DC residents complain about pot smoke in condos, apartments

Some D.C. residents are unhappy because they can smell their neighbor's marijuana smoke. Now, building managers are trying to figure out how to handle the problem.
The District passed a law legalizing pot use in residences, but the city did not specify how to control the smoke going into other apartments and condos or public areas. 

Now, some residents are complaining about the smoke, and building managers are trying to figure out how to handle the new problem.

Many people in D.C. live in apartments or condos, and the smoke goes through the air vents and under doors. So, whether you want to or not, you may be inhaling. 

Veretta Swann and her daughter live in an apartment building in Northwest. 

The sign in the lobby says, "We are proud to offer a smoke free environment." However, some residents are ignoring the policy.

Swann walked down the hall of her floor with me. "When you get off the elevator right there, you get a contact. When you are walking down this hallway, you get high. You get cigarette smoke. You get weed smoke," she said. 

Swann's nine-year-old daughter has asthma. They usually have the windows closed, but the marijuana still seeps in through the vents and under the door. 

"As you can see outside our window, a small courtyard--so whatever apartment is smoking weed, we get it," she said. "I've gone to management, and I've asked them, ‘What about tenants who live here who have health issues?' I have a daughter who is a severe asthmatic, who is on a nebulizer."

Swann said the building management will not do anything about it. 


At the Imperial House Condominium on 18th Street, the manager sent out a notice from the condo board that owners and tenants have to "take measures" to ensure the smell of marijuana does not affect other units or common areas.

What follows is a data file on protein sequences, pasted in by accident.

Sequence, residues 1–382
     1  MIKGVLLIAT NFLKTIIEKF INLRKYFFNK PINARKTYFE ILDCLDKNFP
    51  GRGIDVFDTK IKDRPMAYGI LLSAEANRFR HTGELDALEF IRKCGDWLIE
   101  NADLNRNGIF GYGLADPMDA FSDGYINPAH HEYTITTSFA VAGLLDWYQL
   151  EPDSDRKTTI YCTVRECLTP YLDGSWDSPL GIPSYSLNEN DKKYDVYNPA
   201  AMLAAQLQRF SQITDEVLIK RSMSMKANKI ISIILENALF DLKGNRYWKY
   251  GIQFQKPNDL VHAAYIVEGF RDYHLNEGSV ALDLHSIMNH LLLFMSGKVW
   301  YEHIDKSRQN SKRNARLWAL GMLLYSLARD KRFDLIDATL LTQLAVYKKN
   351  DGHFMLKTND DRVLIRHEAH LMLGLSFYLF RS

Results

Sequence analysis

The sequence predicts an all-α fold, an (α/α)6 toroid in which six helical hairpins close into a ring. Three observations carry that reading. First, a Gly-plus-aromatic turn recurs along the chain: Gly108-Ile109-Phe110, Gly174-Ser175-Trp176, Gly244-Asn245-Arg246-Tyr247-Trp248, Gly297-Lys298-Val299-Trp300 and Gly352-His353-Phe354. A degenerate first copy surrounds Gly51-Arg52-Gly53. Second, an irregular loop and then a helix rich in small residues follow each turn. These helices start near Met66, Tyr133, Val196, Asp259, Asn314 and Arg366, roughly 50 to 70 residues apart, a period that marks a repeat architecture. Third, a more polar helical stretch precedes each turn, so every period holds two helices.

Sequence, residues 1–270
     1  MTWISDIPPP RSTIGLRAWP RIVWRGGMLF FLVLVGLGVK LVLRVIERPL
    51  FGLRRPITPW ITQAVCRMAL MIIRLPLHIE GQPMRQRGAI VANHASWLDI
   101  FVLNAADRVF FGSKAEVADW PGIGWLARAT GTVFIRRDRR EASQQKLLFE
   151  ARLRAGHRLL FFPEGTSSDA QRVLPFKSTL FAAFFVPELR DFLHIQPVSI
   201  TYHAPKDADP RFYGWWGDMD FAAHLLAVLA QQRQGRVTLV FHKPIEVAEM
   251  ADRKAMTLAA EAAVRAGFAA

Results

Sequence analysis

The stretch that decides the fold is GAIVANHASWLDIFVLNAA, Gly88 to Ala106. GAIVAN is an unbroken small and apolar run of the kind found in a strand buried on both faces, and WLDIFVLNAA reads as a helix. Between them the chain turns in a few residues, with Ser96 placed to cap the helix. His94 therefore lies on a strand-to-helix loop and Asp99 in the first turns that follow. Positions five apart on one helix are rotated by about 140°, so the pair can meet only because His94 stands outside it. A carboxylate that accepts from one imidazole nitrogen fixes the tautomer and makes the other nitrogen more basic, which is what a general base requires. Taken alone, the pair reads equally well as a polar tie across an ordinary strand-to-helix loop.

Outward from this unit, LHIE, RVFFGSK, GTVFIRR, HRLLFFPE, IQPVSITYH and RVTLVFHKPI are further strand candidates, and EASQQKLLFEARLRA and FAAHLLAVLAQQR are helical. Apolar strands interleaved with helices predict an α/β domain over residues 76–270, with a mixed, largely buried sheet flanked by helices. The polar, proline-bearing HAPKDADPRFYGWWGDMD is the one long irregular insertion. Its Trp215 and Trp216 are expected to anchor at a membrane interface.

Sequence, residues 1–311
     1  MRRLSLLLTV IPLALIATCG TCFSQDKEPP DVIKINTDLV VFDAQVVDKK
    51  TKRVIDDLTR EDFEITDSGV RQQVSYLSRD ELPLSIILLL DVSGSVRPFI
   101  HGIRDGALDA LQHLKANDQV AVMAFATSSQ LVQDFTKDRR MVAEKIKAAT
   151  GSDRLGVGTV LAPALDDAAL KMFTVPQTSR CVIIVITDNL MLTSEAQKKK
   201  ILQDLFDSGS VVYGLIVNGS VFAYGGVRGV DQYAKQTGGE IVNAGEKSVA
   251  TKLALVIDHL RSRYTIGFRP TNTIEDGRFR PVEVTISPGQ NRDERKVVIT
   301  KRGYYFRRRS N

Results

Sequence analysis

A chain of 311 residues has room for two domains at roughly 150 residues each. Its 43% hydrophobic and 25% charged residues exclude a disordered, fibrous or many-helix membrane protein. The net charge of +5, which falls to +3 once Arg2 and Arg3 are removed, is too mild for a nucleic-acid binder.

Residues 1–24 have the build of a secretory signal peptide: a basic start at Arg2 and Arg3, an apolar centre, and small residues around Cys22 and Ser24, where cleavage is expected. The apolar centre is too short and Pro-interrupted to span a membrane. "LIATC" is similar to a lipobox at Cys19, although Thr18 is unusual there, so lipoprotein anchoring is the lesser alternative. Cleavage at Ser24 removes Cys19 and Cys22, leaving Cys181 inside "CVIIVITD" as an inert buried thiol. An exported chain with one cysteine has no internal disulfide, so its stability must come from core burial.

Allison Goff rents a condo in Imperial House. "Cigarette smoke bothers me a lot more because it sticks around for a lot longer. Pot smoke just kinda goes away it seems like pretty quickly," she said. 

Maron Turner lives in a different D.C. condo. "Given the reasons behind there being a ban on nicotine cigarettes, it would extend seamlessly to marijuana in the sense that you don't want smoke where other people are inhaling secondhand smoke," she said. 

Charles Gibbs lives in a row house in D.C. 

"Do you smoke pot?" I asked. 

"Yes I do," replied Gibbs. 

"Do you smoke pot in your house?" I asked. 

"Outsides, yeah," he said. 

"And have any of your neighbors complained?" 

"No, none," said Gibbs. 

For residents who do have complaints, Mayor Muriel Bowser says go to your management. 

"The same regulations that apply to smoking of any kind in apartment buildings or condo buildings- owners can set their own rules," the mayor said on Wednesday

What about people like Swann, whose apartment won't help her?

"It is up to apartment buildings and condo buildings to regulate their smoking policies," the mayor responded. 

There are no easy answers to this problem. And perhaps that is why the city left it to the buildings to figure out how to make everyone happy at home. 

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